“In Malaysia,” a committee member of the Bandar Utama Buddhist Society told me on Saturday, “if you don’t work, you don’t get paid. And if you don’t get paid, you don’t eat.” Which is why the Society has adopted as its charity Limbs for Life, an organisation providing free prosthetics for amputees. Every Saturday, patients come in to be assessed by local doctors, specialists in their fields all, who have given up their precious free time. And from Tuesday to Friday the paid technicians work on the prostheses in a studio below the temple.
As the technicians are all amputees who have benefitted from the service themselves, they’re in an excellent position to advise patients – and I was privileged to witness them supporting a lady as she walked on two feet for the first time in almost two years, gaining confidence with every step. The people I met there really do Make a Difference – and it’s pretty much impossible to describe how humbled I felt.
Following another delicious meal (eaten with my fingers again) and a glass of chilled lychee juice, it was off to the Damansara Performing Arts Centre for a performance of “Macbeth”. Cordelia had spotted this online – and as we’d been exploring the Scottish Play with the Seniors on Wednesday, this seemed too good an opportunity to miss. The performance was in English, but with the actors dressed in Chinese Opera costume – and visually it was stunning. The local amateur actors made a decent job of the verse – although we were treated to “unusual” interpretations of some of the characters …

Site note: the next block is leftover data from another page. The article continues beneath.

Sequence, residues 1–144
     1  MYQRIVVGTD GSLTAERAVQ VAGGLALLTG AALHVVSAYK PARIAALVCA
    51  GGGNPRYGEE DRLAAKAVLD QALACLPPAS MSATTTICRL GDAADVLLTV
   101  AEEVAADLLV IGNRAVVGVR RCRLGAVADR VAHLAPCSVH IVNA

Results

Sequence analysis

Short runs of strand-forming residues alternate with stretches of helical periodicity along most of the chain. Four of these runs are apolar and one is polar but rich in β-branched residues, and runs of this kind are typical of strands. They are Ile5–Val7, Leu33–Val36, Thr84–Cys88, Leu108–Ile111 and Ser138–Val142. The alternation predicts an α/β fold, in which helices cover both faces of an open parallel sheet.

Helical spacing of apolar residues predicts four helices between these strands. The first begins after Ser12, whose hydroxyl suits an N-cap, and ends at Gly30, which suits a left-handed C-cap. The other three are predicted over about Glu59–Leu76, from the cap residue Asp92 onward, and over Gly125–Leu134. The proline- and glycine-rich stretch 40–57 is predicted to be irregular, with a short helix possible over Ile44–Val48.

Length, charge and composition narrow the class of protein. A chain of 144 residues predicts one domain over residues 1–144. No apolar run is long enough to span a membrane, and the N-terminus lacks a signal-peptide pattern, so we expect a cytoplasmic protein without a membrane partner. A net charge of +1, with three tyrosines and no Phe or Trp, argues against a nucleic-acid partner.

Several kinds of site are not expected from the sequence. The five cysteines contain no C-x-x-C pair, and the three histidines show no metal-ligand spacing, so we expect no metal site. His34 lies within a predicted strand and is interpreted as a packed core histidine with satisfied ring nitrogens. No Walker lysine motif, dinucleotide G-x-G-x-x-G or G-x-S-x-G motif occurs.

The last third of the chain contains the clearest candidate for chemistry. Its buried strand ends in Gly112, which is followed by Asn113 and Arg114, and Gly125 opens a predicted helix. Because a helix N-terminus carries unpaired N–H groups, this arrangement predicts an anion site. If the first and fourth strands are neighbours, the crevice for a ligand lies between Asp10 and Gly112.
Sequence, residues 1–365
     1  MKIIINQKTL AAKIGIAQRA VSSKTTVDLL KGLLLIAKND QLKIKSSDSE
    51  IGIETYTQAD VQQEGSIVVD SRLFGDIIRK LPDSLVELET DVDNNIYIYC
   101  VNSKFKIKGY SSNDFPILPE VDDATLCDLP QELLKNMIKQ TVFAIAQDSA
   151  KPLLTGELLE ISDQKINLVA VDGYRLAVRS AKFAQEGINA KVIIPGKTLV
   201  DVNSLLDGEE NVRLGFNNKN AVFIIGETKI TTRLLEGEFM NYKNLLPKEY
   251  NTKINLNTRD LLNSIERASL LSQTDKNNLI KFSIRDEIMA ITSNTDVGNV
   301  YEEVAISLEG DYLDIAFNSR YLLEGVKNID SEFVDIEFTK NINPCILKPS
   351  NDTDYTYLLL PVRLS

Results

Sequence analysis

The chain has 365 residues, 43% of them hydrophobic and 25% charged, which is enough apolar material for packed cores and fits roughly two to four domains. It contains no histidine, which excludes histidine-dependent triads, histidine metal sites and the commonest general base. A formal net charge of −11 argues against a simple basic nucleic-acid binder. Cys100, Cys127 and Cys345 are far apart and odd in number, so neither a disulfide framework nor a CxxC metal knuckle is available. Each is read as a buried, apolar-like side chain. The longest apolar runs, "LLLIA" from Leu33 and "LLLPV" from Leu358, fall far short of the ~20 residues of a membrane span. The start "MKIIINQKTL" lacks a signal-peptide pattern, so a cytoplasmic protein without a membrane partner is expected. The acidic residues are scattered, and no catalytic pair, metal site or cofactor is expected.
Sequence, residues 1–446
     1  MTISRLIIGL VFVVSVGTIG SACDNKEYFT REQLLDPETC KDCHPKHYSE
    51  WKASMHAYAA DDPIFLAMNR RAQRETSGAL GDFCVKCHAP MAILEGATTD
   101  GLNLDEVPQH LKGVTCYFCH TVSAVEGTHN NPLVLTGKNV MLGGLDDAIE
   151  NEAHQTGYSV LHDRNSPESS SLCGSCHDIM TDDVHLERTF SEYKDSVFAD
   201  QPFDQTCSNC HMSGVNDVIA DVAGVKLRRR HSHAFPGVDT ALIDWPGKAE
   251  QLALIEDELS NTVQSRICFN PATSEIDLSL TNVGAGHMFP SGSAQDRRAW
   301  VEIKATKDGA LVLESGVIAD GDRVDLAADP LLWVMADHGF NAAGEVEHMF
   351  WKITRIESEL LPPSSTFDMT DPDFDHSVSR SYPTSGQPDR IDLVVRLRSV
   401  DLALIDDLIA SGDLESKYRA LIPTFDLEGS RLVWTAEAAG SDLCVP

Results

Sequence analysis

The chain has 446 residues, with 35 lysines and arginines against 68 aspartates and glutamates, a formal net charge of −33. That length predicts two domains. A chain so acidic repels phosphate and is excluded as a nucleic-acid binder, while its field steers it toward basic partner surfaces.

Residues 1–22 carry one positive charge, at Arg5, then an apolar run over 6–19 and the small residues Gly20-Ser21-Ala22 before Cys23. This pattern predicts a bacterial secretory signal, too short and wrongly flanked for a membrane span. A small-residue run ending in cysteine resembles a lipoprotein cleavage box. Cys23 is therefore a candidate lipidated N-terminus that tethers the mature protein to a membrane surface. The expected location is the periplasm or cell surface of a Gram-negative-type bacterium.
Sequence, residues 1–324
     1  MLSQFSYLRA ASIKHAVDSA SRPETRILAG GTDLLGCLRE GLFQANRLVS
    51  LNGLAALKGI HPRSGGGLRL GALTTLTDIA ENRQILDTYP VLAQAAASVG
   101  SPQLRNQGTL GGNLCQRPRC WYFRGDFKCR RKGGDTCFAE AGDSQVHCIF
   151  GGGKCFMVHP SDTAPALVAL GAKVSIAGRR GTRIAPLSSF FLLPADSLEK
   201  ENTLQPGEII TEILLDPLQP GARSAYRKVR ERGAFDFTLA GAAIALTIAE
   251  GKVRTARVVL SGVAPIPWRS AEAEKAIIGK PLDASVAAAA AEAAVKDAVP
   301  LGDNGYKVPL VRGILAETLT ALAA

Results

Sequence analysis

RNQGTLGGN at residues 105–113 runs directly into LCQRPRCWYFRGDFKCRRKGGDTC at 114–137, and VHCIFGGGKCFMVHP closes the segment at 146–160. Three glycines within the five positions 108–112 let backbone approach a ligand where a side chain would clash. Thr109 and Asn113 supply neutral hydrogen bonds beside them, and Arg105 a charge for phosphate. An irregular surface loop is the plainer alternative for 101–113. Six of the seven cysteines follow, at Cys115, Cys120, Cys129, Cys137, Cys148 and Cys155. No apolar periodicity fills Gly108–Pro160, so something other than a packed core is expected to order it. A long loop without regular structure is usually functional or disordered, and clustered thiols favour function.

My time was more limited on the Sunday, as there were problems with my flight home to be resolved (problems that were entirely of my own doing, I should add). So Cassandra and Cordelia took me into Kuala Lumpur itself. On the drive I was able to feast on some fruit that their mum had sent for me, including rose apple and pomeleo (like children it seems, mums are mums the world over!). After a detour to see the Petronas Towers (designed by Russians, apparently), we headed for a Chinese Buddhist temple where, quite by chance, devotees were participating in Quingming, a day-long ceremony of repentance. It was all in Cantonese, of course, so I couldn’t really join in with the chanting (I thought humming along might seem disrespectful) – but the effects were still powerful. After a quick visit to the Medicine Buddha to ask for good health, we went for yet another amazing meal, with yet more new flavours to savour – including, on this occasion, salted duck’s egg and pulled tea.
And now, after a stroll round Central Park (not quite as big as the ones in Birkenhead or New York) and a bit of souvenir shopping, it’s time to go home. I’ve missed Helen (and the as creatives team, of course) these last few days – but I’ll miss Malaysia too. I’ve met and worked with some amazing children and teachers, been treated to incredible hospitality, found calm in the temples in the midst of the city and eaten so much that I’m worried they might not let me on the plane. And one thing’s for sure: I’ll be back.